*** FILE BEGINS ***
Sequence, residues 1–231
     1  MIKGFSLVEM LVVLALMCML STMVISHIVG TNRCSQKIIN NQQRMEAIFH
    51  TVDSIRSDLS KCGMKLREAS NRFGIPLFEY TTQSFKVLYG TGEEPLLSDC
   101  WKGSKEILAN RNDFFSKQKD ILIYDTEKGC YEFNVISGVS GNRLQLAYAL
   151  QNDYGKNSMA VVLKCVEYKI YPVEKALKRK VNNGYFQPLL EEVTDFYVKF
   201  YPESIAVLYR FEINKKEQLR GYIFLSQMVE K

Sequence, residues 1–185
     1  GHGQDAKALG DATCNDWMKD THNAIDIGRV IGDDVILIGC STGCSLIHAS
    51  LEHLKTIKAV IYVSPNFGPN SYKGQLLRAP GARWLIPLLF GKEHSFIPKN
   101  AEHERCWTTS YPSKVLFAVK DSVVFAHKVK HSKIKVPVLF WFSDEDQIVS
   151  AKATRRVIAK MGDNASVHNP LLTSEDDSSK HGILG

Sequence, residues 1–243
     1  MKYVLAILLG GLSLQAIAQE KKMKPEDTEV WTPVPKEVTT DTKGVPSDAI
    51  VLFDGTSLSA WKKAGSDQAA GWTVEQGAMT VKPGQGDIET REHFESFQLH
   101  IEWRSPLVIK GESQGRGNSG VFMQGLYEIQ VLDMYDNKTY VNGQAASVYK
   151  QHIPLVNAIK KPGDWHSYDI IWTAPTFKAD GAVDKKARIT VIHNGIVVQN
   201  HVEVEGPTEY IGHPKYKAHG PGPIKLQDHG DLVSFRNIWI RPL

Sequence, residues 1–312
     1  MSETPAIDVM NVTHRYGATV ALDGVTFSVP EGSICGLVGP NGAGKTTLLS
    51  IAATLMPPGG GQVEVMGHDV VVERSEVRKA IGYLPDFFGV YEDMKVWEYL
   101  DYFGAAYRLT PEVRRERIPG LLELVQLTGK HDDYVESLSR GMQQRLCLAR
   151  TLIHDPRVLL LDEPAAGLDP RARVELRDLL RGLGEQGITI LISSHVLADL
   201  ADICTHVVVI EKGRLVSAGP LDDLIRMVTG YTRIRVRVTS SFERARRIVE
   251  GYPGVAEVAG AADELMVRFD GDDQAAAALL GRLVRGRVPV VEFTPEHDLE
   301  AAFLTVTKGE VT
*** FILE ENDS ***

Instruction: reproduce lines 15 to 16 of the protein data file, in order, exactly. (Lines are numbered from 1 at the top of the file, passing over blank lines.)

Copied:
   101  IEWRSPLVIK GESQGRGNSG VFMQGLYEIQ VLDMYDNKTY VNGQAASVYK
   151  QHIPLVNAIK KPGDWHSYDI IWTAPTFKAD GAVDKKARIT VIHNGIVVQN